I woke up to a familiar noise recently, one that I had not heard in a long time.  It was a mother reading to her children and the joyous sounds of learning and laughing.  Deb and I were staying in the home of a family with four small children over a weekend as we attended a mission’s conference in Lancaster.  It has been quite a few years since our children were that age, but I still remember the sound very well.  Typically, reading to children under the age of five requires a book with lots of pictures and a parent who can bring the text to life.  It can be slow going as kids point to the pictures, ask lots of questions and often want you to read the story again.  At some point in time, a small miracle happens as the child continues to grow.  There is that magical day when they begin to read for themselves and want to show mom and dad that they know the words.  What a delight it is when your child brings a book to you, curls up in your lap and demonstrates that they now know what the book is saying.

Reading to a child requires patience and persistence that can be in short supply these days.  Even when I was growing up, some of my friends had the television as their constant companion and quasi “baby sitter”.  The go to solution for many parents and children these days is some type of screen, often an IPad or other tablet.  In some families, every child has their own devise by the age of five and the addiction has begun.  While it is true that these devices can have books on them and interactive games, it is also true that parents are often leaving their kids alone to learn for themselves.  Taking time to sit with fidgety children who want you to read the same thing over and over again can be challenging, but it is worth it.  It may even be life changing.

Walt Mueller, the President and Founder of the Center for Parent Youth Understanding, recently reported on survey data that shows that teenagers aged 13-18 now spend nine hours a day on some type of devise and tweens ages 8-12 spend on average 6 hours a day on one.  Lest we adults think we are immune from this reality, the same research showed that the typical adult in the USA now spends nine hours a day looking at a screen – the same amount as a teenager.  The devise of choice for almost every age group is the smart phone, with laptops and tablets filling in the gap.  We are now more addicted to screens than at any time in history and while social media is intended to be interactive, it often reinforces isolation and despair.  Children at very young ages are comparing themselves to completely fake images on screen of the “perfect” lives of others and many are experiencing cyber bullying as early as middle school or before.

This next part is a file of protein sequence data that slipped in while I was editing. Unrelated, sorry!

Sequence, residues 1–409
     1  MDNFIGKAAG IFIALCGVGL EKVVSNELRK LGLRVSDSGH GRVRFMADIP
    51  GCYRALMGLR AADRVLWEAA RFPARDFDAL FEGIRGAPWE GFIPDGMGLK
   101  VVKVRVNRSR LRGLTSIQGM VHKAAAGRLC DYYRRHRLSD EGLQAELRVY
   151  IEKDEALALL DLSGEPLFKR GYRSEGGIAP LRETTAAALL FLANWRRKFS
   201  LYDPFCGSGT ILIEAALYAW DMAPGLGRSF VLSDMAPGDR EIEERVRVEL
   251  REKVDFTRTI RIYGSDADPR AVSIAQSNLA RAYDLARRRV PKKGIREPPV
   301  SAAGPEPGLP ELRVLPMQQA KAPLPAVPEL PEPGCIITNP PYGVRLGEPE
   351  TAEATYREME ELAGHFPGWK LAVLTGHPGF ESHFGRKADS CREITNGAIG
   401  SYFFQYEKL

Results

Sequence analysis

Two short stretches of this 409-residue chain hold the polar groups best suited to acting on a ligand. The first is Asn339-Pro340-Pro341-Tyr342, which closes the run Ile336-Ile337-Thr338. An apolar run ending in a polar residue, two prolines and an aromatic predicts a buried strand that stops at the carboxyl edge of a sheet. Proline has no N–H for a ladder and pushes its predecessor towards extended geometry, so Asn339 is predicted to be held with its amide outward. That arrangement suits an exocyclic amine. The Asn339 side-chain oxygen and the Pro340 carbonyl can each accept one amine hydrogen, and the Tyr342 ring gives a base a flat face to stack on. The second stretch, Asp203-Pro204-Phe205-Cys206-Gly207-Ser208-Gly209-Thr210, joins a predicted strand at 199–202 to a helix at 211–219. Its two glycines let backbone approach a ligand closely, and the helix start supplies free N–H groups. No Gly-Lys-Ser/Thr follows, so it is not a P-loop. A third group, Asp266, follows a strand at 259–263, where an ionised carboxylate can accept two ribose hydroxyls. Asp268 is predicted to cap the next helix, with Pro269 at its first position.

Occasionally, I find myself helping in the toddler nursery at our local church and I love it.  Our nursery is filled with picture books and there is no screen in sight.  More often than not, I am able to grab one of the books and begin reading to a child.  Almost every time, the same thing happens.  Children that were fussy stop crying and more than one child crowds around me to see what the book has to say.   Then they start pulling books off the shelf and bringing it to me to read.  It is amazing how quickly an hour goes by as we all get lost in a Bible story and imagine what it must have been like to be David, Noah or Samuel.   It is hard to believe that simply reading a physical book to a child is becoming counter-cultural these days.  I for one plan on being part of this counter revolution and instigating the curiosity of children one book at a time.

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Independents Day

jubilee-bookstoreI turned the corner and saw it and it nearly took my breath away.  There were books everywhere and on so many different topics.  It looked like someone had taken an entire Christian bookstore and transported it to the Pittsburgh Convention Center.  As a bookseller myself, I could only imagine how much work it must have taken to transport these books and to display them for sale.  No matter, I had found it and like a kid in a candy store I began browsing the merchandise.  Who needs Disneyland anyway when I had found this.